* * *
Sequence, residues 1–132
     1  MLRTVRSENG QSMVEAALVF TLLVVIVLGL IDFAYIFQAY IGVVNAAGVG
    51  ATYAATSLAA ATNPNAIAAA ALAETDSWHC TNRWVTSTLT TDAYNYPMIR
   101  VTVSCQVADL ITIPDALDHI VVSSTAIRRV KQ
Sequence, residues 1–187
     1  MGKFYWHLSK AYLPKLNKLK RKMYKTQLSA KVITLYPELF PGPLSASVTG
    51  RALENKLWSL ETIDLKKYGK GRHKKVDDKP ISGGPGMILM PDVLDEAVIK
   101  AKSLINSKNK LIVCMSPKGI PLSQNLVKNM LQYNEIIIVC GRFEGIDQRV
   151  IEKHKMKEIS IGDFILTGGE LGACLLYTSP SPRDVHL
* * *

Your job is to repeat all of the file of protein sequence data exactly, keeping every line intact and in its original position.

Sequence, residues 1–132
     1  MLRTVRSENG QSMVEAALVF TLLVVIVLGL IDFAYIFQAY IGVVNAAGVG
    51  ATYAATSLAA ATNPNAIAAA ALAETDSWHC TNRWVTSTLT TDAYNYPMIR
   101  VTVSCQVADL ITIPDALDHI VVSSTAIRRV KQ
Sequence, residues 1–187
     1  MGKFYWHLSK AYLPKLNKLK RKMYKTQLSA KVITLYPELF PGPLSASVTG
    51  RALENKLWSL ETIDLKKYGK GRHKKVDDKP ISGGPGMILM PDVLDEAVIK
   101  AKSLINSKNK LIVCMSPKGI PLSQNLVKNM LQYNEIIIVC GRFEGIDQRV
   151  IEKHKMKEIS IGDFILTGGE LGACLLYTSP SPRDVHL